When I speak to people on a similar journey in different countries around the world, many stories all sound similar. There still seems so many barriers, hurdles and prejudices in the world to make life not as inclusive or accessible as it should be, in this day and age. Taking care of a child with disabilities can be financially crippling for a family, to the point that you struggle to provide the simple, basic dreams that you have for them and to provide a secure future. Around the world there are many activities/centres with volunteers just for people with intellectual disabilities, but, this is not what we want for Rio, we want an inclusive world for him, not for him to be segregated from society within a hierarchy system; realistically, the number of true fully ‘inclusive’ activities/places/schools are limited globally (hence why we try to create inclusive activities for community ourselves). Rio knows lots of people, but he has a limited true friend circle. For nearly every single day for the past 18 years, wherever we have been in the world, I have experienced daily fights or battles for the most simplest of things on so many levels, in respect to his equal human rights, to the point I am absolutely drained and tired. These are just some of the reasons why I feel I fail him, but I will never give up though, as I have to be his voice to stand up for his rights, when he can’t do it himself.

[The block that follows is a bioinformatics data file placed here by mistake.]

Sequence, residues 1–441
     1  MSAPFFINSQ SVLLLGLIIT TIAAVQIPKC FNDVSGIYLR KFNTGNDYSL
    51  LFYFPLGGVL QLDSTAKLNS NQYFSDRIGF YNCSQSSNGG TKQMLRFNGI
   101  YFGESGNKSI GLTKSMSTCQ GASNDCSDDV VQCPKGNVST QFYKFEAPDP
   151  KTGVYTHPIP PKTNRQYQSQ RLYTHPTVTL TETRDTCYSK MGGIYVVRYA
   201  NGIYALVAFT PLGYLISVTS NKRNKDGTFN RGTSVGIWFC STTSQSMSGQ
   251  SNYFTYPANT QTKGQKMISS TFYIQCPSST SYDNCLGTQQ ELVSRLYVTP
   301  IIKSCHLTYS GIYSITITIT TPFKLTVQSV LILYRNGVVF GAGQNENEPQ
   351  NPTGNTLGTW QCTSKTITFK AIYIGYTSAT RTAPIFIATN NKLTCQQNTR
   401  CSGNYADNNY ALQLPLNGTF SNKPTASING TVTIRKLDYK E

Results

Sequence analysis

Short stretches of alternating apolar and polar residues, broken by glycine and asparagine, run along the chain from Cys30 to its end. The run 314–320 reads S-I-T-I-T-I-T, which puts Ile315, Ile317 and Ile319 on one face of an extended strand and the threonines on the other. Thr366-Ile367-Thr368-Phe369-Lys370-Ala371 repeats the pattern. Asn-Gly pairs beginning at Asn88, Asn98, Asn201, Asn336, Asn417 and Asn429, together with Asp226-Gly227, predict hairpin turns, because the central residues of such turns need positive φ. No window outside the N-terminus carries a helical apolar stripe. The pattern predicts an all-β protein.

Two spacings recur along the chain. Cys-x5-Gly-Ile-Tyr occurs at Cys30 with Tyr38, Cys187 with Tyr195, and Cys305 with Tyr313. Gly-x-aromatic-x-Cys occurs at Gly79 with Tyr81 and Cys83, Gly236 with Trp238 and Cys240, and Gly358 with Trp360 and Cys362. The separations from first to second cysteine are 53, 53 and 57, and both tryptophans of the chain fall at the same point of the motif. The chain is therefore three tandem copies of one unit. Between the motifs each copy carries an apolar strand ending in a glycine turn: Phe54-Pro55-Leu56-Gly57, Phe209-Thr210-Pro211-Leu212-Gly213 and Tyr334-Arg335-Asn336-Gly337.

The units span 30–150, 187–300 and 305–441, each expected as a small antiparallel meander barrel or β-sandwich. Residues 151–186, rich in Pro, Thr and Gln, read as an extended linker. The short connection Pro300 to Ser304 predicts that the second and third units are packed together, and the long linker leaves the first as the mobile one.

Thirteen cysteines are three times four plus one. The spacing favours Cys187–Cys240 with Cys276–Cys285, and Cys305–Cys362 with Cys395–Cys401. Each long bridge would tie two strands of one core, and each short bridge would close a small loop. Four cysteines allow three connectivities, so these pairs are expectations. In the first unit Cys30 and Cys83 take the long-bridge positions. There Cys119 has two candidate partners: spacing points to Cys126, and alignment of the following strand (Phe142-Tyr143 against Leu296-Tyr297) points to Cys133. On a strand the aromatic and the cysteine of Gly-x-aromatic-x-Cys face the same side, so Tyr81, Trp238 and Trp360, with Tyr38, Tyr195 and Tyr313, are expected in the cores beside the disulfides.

Rio cannot talk or express to tell me if anyone has hurt him in any way, he would not be able to defend himself if anyone mistreated him; so to keep him protected, I have a rule, that I will not leave him in the care of anyone apart from trusted family/friends/people I have personally vetted and trained - I have little trust on people I don’t know to be in charge of his care, when he can’t tell me himself of any wrong doing. If I am not with him then I always have other eyes and ears there to keep him safe. That does not mean that I don’t allow him to be independent, I do my upmost to step away as much as possible to give him his natural teenage freedom from an overbearing mother and we constantly work on his independence skills, but I also do my absolute best to keep him safe. This may sound too overprotective, but, I know of far too many reported abusive situations happening globally to people with intellectual disabilities, that my trust has been lost, and, to me it is not worth the risk, with my one job to keep him safe. To guarantee this, I have had to give up a huge part of my life and identity and independence to give him the life he deserves to live and to be safe (to the best of my ability). SO what happens when I am not here anymore to guarantee this continues?